There you were thinking that German luxury carmakers were good at filling niches. What you see before you is a mid-engined diesel nine-seat 4x4, and we’re not sure there’s a vehicle we currently want more.
This is the Technoimpulse Rocket Z. Which rather sounds like a particular type of toy for grownups. In truth, it’s still a grownups’ toy, just one you might actually feel comfortable using out in public.
It might not surprise you to learn it comes from Russia, the home of unstoppable, go-anywhere boxes like the Avtoros Shaman. At a whisker under five meters, it’s basically the length of a Land Rover Discovery, but it’ll house an additional two passengers and go considerably further off road.
In fact, it’ll outdo a Defender. Its 52-degree approach and departure angles beat the old Landie’s 47 degrees, and naturally, there’s standard four-wheel drive that’s complemented by a low-range gearbox and locking differentials. This isn’t just a simple case of pressing a hill-descent button and letting the car do the driving—this is proper off-roading.
Which means it’s slow, too, with its mid-mounted, Hyundai-sourced diesel engine producing 82hp as standard. You can upgrade to a 99hp version if you’re unduly worried about getting places quickly, but in the places the Rocket Z will traverse, you won’t need speed. There’ll be no one else there to keep up with.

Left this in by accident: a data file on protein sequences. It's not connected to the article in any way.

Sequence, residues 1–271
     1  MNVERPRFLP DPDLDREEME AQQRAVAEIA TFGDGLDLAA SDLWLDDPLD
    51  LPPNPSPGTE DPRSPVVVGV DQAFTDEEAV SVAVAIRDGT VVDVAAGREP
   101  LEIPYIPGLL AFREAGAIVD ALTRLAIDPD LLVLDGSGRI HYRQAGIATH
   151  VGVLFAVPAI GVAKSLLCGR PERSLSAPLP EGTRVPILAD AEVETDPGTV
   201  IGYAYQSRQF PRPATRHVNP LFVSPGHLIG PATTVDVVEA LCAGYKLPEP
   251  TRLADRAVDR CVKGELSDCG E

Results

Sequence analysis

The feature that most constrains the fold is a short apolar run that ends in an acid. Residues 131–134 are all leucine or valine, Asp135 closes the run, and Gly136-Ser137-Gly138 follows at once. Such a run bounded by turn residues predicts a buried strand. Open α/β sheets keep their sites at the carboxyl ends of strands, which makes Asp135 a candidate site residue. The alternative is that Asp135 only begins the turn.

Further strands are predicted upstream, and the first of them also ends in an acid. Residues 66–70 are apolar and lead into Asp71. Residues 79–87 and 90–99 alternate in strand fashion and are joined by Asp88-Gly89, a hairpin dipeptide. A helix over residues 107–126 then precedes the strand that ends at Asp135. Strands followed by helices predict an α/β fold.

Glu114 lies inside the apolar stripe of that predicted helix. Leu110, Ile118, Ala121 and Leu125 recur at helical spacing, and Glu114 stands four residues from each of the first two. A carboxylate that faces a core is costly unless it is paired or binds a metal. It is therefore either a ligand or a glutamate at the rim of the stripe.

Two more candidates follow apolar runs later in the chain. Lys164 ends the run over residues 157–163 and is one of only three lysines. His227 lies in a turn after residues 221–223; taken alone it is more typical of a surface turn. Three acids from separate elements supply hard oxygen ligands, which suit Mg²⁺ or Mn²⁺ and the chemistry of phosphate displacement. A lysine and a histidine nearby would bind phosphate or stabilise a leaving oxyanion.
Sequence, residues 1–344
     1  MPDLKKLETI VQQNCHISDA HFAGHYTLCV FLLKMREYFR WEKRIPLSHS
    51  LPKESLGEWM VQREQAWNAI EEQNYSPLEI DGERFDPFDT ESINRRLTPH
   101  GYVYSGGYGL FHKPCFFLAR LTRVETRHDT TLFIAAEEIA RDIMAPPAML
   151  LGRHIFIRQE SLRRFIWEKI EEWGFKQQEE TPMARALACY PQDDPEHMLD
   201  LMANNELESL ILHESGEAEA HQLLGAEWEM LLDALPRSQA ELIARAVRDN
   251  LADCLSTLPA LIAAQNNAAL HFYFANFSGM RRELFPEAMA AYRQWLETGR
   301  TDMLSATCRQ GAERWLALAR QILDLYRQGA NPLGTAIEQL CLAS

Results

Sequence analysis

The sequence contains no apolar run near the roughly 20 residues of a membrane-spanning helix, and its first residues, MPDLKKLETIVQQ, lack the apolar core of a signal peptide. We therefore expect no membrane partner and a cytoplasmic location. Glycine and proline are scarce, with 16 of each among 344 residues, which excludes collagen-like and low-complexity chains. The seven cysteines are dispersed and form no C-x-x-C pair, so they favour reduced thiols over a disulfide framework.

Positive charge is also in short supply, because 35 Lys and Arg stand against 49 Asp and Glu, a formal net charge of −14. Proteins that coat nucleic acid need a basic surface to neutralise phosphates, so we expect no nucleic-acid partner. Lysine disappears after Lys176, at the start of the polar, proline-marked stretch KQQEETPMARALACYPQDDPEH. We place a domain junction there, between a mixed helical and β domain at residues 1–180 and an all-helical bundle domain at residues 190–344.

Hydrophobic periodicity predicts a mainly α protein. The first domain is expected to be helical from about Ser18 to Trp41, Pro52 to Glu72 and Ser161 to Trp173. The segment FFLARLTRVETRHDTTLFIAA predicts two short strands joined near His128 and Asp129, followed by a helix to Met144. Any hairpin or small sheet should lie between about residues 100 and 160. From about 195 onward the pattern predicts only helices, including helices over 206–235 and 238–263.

Its lack of power is proportional to its lack of luxury. Those eight passengers will be tightly squeezed on basic bench seating, while the driver sits alone up front, facing what appears to be an old Ford Escort steering wheel and many, many switches. It’s safe to assume there’s no Apple CarPlay.
But it’s equally safe to assume this thing is most in its comfort zone where there’s no signal to stream Spotify, anyway. Your £65,000 (around P4.52 million) will get you proper mechanicals that’ll last a lifetime with little maintenance. This is an SUV that’s all about the U, not the entirely superficial S.
Are you as smitten as we are?
NOTE: This article first appeared on TopGear.com. Minor edits have been made.